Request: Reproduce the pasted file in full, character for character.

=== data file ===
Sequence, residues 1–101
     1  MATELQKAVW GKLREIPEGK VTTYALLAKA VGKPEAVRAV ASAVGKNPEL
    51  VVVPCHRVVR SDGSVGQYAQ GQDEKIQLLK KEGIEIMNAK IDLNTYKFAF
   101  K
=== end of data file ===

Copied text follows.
Sequence, residues 1–101
     1  MATELQKAVW GKLREIPEGK VTTYALLAKA VGKPEAVRAV ASAVGKNPEL
    51  VVVPCHRVVR SDGSVGQYAQ GQDEKIQLLK KEGIEIMNAK IDLNTYKFAF
   101  K